The diet I switched to, after a few days of learning about it, is the DASH diet, or the Dietary Approaches to Stop Hypertension. Even before discovering it and learning what I needed exactly, I started buying, making, and eating food that was by chance almost completely compatible with it. Since then, as with any diet, I've run into challenges. I guess fortunately for my case, all of those challenges are time and competence related. Since starting, I haven't eaten a single thing that made me regret or question the diet.

Well, I did eat one thing: whole wheat spaghetti noodles. Whole wheat bread, whole wheat bagels, whole wheat dinner rolls, and whole wheat cereals? Delicious. But whole wheat spaghetti noodles? Never again.

I have spent the time since then relearning how to cook, how to properly make meals, how to shop for genuinely good ingredients, and how to find, adapt, and plan good recipes. I'm seeing and feeling improvement almost daily. The food portions I'm eating are just right, I've eaten more unprocessed fruits and vegetables in the last two months than in the last two years, and I'm going into every meal genuinely hungry while leaving every meal genuinely satisfied.

The Fallout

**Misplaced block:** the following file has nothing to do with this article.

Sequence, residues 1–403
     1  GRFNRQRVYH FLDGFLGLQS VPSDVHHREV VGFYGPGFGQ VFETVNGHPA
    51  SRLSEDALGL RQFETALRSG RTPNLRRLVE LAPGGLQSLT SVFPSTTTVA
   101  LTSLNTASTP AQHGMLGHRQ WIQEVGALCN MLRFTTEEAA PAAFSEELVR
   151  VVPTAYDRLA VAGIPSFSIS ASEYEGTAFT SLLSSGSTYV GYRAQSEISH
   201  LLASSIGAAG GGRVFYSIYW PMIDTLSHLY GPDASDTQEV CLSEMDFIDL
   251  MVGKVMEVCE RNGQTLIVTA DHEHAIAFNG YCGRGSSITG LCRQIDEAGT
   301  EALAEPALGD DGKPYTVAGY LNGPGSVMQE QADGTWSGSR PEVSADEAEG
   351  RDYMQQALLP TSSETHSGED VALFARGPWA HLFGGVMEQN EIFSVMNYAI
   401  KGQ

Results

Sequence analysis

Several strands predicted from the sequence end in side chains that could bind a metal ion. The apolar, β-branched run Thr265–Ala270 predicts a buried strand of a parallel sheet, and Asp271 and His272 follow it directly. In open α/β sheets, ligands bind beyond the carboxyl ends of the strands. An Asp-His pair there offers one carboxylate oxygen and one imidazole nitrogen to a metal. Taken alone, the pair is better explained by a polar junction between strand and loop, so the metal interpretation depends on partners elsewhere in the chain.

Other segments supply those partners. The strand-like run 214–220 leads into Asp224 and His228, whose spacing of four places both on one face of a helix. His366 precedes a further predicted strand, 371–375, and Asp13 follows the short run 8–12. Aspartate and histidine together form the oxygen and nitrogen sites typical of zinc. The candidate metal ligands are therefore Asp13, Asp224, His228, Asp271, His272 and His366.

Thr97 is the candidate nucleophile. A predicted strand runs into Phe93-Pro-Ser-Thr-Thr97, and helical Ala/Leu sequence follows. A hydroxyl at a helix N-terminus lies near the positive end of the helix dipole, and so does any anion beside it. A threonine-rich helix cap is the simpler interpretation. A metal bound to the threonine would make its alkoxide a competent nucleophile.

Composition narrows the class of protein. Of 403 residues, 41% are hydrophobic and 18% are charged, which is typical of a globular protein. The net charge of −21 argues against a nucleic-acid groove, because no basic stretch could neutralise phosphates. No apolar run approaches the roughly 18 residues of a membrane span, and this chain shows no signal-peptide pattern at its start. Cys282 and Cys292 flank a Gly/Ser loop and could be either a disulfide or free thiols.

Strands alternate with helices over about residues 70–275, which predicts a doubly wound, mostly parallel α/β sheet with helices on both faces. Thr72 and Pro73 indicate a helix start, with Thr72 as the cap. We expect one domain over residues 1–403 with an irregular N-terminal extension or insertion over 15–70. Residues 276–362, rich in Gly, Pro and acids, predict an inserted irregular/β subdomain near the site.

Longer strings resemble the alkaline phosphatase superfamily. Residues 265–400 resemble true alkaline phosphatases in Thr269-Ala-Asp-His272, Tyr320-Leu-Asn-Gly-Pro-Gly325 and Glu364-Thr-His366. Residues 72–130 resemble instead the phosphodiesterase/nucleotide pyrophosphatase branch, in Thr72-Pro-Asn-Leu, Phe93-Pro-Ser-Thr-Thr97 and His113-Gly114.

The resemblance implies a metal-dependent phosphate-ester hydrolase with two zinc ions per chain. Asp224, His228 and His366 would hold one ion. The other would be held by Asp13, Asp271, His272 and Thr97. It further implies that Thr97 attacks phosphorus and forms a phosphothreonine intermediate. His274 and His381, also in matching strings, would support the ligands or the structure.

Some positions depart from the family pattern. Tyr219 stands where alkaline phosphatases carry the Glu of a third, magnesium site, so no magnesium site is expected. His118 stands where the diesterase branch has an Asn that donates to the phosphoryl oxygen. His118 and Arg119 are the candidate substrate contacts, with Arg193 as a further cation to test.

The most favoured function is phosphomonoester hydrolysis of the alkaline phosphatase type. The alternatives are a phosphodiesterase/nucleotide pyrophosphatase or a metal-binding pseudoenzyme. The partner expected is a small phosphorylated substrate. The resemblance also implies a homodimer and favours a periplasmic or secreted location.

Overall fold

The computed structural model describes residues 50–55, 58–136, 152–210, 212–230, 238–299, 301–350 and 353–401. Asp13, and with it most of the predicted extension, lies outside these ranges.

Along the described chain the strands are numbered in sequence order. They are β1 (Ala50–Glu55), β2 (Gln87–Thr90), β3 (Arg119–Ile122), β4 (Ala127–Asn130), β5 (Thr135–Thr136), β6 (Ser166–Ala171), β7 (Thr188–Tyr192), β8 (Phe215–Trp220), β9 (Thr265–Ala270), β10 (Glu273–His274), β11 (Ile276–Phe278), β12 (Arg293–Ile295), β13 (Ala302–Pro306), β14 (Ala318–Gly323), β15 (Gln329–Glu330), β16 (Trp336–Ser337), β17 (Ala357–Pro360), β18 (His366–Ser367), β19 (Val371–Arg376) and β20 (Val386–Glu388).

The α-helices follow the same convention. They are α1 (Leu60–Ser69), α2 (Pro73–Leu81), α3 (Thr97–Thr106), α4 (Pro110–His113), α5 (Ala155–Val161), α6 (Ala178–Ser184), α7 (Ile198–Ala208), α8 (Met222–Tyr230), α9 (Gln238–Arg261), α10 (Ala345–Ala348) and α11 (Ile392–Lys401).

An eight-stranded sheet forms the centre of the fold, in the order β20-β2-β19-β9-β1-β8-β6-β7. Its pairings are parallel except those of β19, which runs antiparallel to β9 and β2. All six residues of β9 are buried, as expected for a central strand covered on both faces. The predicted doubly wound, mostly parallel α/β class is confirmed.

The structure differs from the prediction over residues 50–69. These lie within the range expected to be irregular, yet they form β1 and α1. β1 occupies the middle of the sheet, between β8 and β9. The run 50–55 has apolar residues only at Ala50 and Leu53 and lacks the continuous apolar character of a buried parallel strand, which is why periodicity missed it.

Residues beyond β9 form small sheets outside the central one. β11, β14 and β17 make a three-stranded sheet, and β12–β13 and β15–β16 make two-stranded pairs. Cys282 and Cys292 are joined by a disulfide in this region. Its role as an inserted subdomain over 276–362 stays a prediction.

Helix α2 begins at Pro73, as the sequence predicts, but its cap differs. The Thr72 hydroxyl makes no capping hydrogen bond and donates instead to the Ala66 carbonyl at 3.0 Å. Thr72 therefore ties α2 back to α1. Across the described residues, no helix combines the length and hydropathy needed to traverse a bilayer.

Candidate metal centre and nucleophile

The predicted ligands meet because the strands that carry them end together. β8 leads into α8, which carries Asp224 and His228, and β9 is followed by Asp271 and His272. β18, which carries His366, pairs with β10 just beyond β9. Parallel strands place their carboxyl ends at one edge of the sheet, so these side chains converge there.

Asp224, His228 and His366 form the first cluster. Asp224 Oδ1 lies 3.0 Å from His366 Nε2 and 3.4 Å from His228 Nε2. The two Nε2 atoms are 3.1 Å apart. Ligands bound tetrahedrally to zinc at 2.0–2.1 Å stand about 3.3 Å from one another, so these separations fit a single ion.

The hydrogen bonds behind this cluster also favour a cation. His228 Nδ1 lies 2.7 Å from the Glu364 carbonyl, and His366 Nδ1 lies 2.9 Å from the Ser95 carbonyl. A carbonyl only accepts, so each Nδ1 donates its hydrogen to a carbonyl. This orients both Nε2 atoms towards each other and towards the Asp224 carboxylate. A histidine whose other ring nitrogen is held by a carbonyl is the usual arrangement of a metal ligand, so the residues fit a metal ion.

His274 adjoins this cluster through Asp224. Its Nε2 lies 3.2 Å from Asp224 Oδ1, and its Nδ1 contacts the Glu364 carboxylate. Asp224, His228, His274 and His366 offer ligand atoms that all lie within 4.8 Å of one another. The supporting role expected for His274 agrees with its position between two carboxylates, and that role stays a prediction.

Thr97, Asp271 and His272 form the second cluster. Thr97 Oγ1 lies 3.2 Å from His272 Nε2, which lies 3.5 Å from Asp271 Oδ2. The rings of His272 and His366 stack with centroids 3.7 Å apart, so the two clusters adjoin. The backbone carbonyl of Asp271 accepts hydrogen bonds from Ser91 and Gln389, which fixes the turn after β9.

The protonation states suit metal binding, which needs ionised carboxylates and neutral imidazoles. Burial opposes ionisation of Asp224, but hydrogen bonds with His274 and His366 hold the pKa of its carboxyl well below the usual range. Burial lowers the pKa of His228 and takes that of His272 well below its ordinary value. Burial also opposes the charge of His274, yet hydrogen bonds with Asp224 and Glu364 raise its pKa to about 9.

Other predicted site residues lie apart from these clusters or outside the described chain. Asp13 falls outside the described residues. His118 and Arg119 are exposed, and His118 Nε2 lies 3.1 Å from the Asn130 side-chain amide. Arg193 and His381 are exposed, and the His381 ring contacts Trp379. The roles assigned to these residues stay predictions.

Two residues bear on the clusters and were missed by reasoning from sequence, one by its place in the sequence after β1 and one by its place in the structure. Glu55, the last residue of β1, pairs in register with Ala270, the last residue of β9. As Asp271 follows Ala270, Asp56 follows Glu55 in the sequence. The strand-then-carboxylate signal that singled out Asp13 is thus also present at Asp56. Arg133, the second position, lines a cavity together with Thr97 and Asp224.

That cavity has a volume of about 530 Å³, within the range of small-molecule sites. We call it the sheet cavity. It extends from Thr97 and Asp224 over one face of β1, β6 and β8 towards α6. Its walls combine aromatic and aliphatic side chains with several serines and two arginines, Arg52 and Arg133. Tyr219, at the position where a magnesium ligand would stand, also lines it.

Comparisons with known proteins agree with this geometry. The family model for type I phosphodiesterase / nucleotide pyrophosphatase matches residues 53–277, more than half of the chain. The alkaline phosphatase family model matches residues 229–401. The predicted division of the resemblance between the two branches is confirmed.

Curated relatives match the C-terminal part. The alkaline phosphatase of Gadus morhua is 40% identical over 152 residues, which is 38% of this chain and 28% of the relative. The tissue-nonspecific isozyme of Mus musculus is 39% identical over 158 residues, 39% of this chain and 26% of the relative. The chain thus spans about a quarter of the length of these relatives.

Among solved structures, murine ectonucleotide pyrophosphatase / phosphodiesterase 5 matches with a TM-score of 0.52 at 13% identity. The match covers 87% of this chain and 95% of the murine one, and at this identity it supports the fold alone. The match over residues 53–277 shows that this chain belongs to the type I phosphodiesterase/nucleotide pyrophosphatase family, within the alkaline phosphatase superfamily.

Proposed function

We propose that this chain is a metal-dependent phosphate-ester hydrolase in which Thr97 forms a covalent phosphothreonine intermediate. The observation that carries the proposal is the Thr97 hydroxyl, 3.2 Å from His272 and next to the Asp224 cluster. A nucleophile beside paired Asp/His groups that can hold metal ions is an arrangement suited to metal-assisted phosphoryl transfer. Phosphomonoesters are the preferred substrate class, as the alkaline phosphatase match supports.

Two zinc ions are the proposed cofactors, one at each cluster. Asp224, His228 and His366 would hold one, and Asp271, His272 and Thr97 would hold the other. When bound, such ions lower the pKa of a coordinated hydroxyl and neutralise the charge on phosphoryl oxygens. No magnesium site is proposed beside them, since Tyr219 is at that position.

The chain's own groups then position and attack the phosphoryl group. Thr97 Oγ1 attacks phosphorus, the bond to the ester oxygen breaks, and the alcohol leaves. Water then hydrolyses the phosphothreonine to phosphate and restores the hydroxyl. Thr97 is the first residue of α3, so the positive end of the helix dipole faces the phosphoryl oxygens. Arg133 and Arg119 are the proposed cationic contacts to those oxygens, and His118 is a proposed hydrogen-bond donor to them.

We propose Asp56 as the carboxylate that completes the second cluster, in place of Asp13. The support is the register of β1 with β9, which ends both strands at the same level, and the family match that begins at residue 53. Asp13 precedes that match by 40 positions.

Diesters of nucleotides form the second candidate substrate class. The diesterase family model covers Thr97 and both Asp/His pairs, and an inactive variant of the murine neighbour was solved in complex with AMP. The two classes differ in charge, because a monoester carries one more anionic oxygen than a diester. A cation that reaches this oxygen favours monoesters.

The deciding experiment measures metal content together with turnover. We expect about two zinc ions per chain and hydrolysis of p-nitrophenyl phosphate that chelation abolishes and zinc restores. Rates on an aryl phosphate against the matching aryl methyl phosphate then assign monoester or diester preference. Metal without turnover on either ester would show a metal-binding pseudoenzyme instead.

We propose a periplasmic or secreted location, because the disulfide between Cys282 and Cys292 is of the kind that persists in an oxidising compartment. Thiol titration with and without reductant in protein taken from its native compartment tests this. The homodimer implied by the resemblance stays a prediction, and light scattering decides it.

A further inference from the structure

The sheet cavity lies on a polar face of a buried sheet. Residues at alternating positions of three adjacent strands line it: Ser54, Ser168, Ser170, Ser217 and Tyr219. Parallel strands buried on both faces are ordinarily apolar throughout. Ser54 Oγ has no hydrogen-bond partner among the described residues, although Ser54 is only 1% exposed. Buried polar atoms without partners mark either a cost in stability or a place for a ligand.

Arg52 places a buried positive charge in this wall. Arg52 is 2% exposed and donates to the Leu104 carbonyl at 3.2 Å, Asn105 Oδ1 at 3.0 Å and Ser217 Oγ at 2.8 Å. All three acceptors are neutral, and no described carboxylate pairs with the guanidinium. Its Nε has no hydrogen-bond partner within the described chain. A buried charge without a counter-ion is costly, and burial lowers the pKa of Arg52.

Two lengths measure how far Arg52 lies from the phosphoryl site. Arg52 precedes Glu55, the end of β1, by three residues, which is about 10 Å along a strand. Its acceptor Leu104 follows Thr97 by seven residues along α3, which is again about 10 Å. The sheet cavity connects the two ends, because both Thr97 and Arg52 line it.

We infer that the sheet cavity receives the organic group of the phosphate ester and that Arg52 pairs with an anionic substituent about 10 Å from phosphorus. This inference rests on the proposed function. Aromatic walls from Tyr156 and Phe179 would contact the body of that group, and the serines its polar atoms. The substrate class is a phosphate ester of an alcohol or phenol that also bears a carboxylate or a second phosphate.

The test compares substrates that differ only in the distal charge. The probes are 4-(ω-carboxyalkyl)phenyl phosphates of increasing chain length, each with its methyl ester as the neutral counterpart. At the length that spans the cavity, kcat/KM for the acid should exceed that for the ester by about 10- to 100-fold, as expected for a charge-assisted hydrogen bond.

My blood pressure has dropped from hypertension crisis through stage 2 hypertension to stage 1 hypertension, and now it's flirting with just simply elevated blood pressure. I have also lost 20 of those 50 extra pounds.

The crisis has also further cemented my political views. I have a radical leftist agenda now, it's focused on supporting local farmers and gardeners while opposing industrial processed-food capitalism, and it's because the diet literally saving my life needs it.

Something not-fun I've been thinking about is the possibility that I might have died of something not COVID-19 → because I couldn't be seen → because the hospital would've been full of COVID-19 patients → because of covidiots refusing to stay home except for essential tasks or mask up when in public.

At any rate, I have had to steal time from virtually all of my pet projects including this website of mine. I'll get back to work on it once I'm able to, and it's looking more likely by the day that I can.